Thursday, July 1, 2021

CD Odyssey Disc 1485: Nick Cave and Warren Ellis

Happy Canada Day! Sorry for the delay between reviews – I wanted to grok this record in its fulness and it took a little longer than I expected.

Disc 1485 is…. Carnage

Artist: Nick Cave and Warren Ellis

Year of Release: 2021

What’s up with the Cover? LETTERS. If there is a hidden meaning in how these LETTERS are arranged, it is eluding me. Elsewhere in the CD booklet they are arranged differently. This did not help me crack the code, if there is one.

How I Came To Know It: I am a Nick Cave fan, so just buying his latest album. This one came out a few months ago but the CD release was delayed. I waited. I am patient if it means I can continue to collect my dead technology.

How It Stacks Up: I have 13 Nick Cave albums. “Carnage” comes in at #7. Note that these 13 albums do not include his two records with “Grinderman.”  I will discuss Grinderman when I roll either of their records which inexplicably has still not happened. Embrace the randomness!

Ratings: 4 stars

Nick Cave and Warren Ellis are two edgy, weird dudes but it is kind of like Nick Cave sings on “Shattered Ground”:

"And there is a madness in her and a madness in me
And together it forms a kind of sanity.”

Not what that song is about, but on their latest collaboration, “Carnage,” it speaks to how the respective weirdness of these two makes for a great musical partnership. Cave’s vocals are like a priest in prayer, and the dread in his delivery leaves you wondering just what dark god he is praying to. A sexy one, for sure.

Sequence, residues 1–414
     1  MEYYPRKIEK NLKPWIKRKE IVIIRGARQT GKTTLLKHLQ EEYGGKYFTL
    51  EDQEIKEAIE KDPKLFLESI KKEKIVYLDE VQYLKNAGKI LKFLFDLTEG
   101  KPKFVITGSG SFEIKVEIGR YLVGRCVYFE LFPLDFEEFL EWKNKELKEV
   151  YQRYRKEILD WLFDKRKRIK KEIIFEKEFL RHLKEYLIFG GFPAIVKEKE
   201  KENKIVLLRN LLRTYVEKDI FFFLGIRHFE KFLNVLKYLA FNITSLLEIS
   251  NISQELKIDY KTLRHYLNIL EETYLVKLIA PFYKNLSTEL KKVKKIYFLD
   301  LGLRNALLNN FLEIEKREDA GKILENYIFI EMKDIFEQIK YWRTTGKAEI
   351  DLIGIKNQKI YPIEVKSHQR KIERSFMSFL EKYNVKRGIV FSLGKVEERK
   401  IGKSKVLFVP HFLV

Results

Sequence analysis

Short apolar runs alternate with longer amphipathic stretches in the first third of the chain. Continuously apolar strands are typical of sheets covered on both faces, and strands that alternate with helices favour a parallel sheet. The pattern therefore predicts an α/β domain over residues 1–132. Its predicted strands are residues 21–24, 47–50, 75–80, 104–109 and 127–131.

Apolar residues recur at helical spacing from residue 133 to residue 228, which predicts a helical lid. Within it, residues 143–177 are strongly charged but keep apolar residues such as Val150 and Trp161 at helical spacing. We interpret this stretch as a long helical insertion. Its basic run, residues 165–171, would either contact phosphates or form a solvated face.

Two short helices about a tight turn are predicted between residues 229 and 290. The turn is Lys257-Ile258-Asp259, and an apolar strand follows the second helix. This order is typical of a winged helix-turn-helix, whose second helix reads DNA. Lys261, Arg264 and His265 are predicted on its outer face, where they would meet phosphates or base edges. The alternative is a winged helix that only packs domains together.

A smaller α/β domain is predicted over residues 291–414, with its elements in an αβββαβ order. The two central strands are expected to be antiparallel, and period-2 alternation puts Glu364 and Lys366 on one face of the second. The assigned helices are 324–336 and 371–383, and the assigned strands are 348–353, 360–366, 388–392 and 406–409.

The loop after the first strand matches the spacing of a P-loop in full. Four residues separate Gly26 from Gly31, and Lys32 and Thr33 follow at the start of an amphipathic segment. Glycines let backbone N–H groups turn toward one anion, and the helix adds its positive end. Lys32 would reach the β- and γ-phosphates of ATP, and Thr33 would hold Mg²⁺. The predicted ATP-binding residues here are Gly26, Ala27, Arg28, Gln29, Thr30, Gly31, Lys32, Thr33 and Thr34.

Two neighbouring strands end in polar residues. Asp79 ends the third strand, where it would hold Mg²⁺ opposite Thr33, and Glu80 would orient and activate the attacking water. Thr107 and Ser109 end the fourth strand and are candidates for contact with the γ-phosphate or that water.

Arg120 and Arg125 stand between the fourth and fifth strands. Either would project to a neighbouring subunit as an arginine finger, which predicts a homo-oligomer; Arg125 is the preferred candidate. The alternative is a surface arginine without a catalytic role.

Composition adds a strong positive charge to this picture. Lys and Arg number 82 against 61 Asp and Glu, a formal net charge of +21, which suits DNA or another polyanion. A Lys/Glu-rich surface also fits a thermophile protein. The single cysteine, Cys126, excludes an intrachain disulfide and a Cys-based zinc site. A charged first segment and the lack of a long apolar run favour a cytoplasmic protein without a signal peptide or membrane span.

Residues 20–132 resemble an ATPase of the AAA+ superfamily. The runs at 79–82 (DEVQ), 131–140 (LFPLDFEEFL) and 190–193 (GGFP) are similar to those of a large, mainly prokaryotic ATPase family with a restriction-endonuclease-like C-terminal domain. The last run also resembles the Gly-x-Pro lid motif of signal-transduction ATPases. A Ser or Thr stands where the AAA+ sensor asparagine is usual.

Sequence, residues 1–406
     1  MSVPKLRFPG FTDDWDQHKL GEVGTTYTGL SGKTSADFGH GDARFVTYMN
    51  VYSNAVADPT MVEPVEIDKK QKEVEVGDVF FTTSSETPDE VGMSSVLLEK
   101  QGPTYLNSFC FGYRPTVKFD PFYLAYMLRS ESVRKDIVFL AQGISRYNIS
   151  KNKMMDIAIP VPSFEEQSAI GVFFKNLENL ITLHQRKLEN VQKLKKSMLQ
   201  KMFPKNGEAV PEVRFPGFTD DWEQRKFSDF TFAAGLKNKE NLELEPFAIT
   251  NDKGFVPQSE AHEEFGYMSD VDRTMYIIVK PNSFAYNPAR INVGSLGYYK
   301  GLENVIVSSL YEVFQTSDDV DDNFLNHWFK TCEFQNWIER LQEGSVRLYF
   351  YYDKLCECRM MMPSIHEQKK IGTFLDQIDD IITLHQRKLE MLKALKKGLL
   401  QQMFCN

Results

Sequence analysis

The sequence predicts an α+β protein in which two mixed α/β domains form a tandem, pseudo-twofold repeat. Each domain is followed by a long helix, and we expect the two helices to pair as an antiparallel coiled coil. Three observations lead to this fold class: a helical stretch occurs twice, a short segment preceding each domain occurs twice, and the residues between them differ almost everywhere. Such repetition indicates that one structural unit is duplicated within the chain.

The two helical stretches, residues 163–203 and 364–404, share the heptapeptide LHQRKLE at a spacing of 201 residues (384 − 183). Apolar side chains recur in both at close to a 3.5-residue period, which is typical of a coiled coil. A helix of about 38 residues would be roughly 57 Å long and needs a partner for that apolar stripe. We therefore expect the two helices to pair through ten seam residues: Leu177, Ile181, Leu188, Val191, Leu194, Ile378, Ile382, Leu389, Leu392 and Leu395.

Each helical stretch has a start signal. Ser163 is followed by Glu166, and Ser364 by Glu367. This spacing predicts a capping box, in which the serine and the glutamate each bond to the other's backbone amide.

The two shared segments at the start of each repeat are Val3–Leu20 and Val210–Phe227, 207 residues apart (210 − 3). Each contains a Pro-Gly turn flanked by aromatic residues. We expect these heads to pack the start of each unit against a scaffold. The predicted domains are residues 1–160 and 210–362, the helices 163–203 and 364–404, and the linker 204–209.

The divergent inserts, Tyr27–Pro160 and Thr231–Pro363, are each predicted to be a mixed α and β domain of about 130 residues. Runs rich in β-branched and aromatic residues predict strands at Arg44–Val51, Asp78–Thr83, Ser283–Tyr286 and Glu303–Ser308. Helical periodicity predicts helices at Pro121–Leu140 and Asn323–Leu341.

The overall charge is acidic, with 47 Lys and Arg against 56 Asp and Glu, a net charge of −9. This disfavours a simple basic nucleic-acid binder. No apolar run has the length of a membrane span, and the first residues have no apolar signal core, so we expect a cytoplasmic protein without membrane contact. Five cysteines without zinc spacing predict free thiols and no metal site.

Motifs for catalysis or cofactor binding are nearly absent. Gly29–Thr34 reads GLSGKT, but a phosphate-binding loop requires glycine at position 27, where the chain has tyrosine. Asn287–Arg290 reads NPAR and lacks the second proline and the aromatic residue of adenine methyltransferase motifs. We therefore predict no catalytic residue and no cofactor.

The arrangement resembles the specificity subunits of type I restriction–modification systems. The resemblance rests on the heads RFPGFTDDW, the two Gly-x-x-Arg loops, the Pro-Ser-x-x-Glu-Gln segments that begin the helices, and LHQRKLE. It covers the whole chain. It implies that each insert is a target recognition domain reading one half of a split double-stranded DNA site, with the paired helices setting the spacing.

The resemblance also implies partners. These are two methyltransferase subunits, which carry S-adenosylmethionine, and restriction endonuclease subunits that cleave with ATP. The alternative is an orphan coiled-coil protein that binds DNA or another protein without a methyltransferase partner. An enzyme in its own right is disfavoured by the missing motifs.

Paired with this is Warren Ellis, who also plays in Cave’s backing band the Bad Seeds. If you’ve seen Ellis in concert, banging away on any of the dozen or so instruments he attacks (‘plays’ being too mild a word to describe what happens) you know he is every bit the equal of Cave’s brooding intensity.

Compared against the sparse terrors of Skeleton Tree (2016) and the lush embrace of Ghosteen (2019), “Carnage” is more in line with the former, but the songs are less filled with sorrow, and more in line with the watery mood pieces featured on “Push the Sky Away” (2012). The melodies are generally brighter and hopeful, with songs like “Lavender Fields” showcasing a man who has come to terms with experience and loss, concluding only “People ask me how I’ve changed/I say it is a singular road.”

As on “Skeleton Tree” the songs feel like they have limitless space, but that space is filled with a sort of dark matter of ambient sound. Ellis did the arrangements and walks this “empty but full” paradox skillfully. There is plenty of synth but splashes of piano and the swell of strings (often in minor keys) rise up from the ether to set you on edge. On “White Elephant” they even make you a little horny, although the effect is intensified with lyrics like:

“I am a Botticelli Venus with a penis
Riding an enormous scalloped fan
I’m a sea foam woman rising from the spray
I’m coming to do you harm
With the gun in my pants full of elephant tears.”

Getting shot with that gun won’t require a doctor so much as a shower.

Cave’s poetry is the equal of music’s greats, up there with Leonard Cohen and similarly gifted at letting you into the labyrinthine secrets of his soul, without ever sounding false or forced.

Because of the layered and intricate aspects of both the lyrics and music, “Carnage” is an album that requires your full attention. It is one of the reasons it took me longer to get to the point where I could review it. Multiple listens in the car didn’t do it, and it was only when I fully surrendered to it, taking 40 minutes to just sit on a park bench and listen, that it finally revealed its secrets to me.

Once I did so I realized this was Cave’s (and Ellis’) best work in over a decade and well worth your time, should you have the courage and patience to explore its mysteries.

Best tracks: Hand of God, Carnage, White Elephant, Albuquerque, Lavender Fields, Shattered Ground

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